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NEWS & INDUSTRY UPDATES

The U.S. Senate has voted to extend, rather than tweak, three surveillance powers that federal law enforcement officials use to fight terrorists, passing the bill back to an absent House and throwing the future of the authorities in doubt. [Read More]
The attention given to FISA has also cast a spotlight on cases where surveillance tools used to investigate foreign intelligence threats end up leading to prosecutions for commonplace, domestic crimes. [Read More]
European authorities managed to crack down on two cybercrime gangs responsible for stealing millions by employing SIM hijacking. [Read More]
Three surveillance powers available to the U.S. government are set to temporarily expire Sunday after a trio of senators opposed a bipartisan House bill that would renew the authorities and impose new restrictions. [Read More]
Senators this week introduced a bill aimed at banning the use of the China-made TikTok application on government devices. [Read More]
House lawmakers prepared to extend surveillance authorities that expire this month, releasing legislation that represents a rare bipartisan agreement after members of both parties said they wanted to ensure the tools preserved civil liberties. [Read More]
Microsoft says it managed to disrupt the Necurs botnet by taking control of the U.S.-based infrastructure that it has been using to conduct its malicious activities. [Read More]
A former CIA software engineer accused of stealing a massive trove of the agency’s hacking tools and handing it over to WikiLeaks was convicted of only minor charges, after a jury deadlocked on the more serious espionage charges against him. [Read More]
The "Espionage Act Reform Act of 2020" would authorize the appropriate disclosure of classified information and protect cybersecurity experts from being prosecuted for revealing backdoors introduced by the government. [Read More]
To thwart increasingly dangerous cyber criminals, law enforcement agents are working to “burn down their infrastructure” and take out the tools that allow them to carry out their devastating attacks, says FBI Director Christopher Wray. [Read More]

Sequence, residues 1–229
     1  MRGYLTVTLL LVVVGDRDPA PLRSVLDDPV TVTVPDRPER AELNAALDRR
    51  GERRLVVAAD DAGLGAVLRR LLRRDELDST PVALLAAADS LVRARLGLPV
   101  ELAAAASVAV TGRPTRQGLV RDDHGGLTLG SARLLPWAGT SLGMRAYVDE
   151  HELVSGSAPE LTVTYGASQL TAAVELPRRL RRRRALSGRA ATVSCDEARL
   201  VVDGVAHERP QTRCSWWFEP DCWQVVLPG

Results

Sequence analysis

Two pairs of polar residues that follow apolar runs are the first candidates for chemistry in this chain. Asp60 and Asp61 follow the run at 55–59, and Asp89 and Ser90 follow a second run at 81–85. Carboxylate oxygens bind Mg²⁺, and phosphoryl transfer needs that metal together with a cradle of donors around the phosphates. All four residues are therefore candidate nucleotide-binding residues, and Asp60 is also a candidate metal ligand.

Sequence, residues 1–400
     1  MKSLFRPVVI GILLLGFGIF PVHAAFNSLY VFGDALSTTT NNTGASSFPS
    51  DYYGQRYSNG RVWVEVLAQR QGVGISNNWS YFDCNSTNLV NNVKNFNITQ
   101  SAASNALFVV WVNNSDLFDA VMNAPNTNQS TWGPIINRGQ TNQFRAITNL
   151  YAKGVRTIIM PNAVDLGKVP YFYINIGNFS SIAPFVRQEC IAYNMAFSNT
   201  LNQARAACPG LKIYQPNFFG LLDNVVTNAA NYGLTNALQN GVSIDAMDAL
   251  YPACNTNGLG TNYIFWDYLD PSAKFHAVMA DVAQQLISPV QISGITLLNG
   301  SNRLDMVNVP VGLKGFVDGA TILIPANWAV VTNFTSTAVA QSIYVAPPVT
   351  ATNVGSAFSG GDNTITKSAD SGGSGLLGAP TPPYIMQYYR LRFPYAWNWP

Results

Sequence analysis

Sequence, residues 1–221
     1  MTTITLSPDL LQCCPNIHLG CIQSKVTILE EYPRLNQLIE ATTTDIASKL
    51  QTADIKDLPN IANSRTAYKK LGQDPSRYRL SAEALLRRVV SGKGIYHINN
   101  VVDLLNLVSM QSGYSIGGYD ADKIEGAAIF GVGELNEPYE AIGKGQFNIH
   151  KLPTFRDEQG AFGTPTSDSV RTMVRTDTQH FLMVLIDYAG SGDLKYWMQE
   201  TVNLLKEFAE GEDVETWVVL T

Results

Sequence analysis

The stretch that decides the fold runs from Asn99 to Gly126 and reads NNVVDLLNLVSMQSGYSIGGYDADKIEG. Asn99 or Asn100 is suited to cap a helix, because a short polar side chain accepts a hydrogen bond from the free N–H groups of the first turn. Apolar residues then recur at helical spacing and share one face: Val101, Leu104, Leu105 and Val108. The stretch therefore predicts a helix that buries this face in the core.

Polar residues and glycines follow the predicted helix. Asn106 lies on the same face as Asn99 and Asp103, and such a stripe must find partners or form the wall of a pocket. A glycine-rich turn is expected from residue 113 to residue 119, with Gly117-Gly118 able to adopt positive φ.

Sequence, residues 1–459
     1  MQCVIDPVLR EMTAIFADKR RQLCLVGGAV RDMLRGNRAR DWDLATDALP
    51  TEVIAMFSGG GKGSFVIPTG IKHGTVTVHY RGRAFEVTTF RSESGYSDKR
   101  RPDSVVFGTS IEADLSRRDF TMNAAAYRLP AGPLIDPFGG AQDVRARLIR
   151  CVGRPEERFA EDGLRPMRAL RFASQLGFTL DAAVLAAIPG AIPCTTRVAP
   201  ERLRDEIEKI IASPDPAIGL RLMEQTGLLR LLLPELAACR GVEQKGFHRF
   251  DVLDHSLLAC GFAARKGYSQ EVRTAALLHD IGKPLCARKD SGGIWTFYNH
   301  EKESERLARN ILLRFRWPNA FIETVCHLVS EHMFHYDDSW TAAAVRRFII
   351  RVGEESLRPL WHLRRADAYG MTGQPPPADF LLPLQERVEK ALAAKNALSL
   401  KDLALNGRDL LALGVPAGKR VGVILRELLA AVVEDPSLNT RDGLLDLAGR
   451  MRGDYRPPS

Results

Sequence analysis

FEATURES, INSIGHTS // Tracking & Law Enforcement

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Lance Cottrell's picture
Even while using Tor hidden services, there are still many ways you can be exposed and have your activities compromised if you don’t take the right precautions.
Wade Williamson's picture
Asking for security backdoors that only benefit the good guys is like asking for bullets that only hurt the bad guys. That’s simply not how encryption works.
David Holmes's picture
In the initial hours after the Paris attacks by Islamic terrorists, when the PlayStation 4 rumor was first circulating, I decided to see exactly what kind of encryption the PS4 uses for its messaging system.
James McFarlin's picture
The overall industry tone of caution around active defenses may be calibrated to defuse the notion rather than taking the argument, buying time for other alternatives to surface.
David Holmes's picture
In 2011, Twitter began encrypting all information between the (mostly) mobile endpoints and their own servers. This made it more difficult for monitoring agencies to determine a mobile user’s Twitter profile, and thereby that user’s follow list. More difficult, but not impossible.
Adam Firestone's picture
The time has come for the technology professions to demonstrate ethical maturity and adopt standards of ethical conduct to which we hold ourselves and our peers accountable.
Wade Williamson's picture
If criminals can’t use or sell stolen data without being caught, then the data quickly becomes worthless. As a result it’s critical to understand what happens to data after a breach.
Eric Knapp's picture
Because transactions using virtual currencies happen anonymously, they confuse issues of jurisdiction and can become difficult to enforce. When authorities do take action, cybercrime simply re-images itself with a new currency and a new platform.
Oliver Rochford's picture
As the “Snowden leaks” continue in their revelations and unraveling of the twisted web of government surveillance, it is becoming clear that the foundation of trust in the Internet as a shared commons has been thoroughly undermined.
Jon-Louis Heimerl's picture
The power of metadata does not come in that data itself but in the ability of that data to be processed and correlated in an automated fashion. What many believe is meaningless data can reveal more than one would think.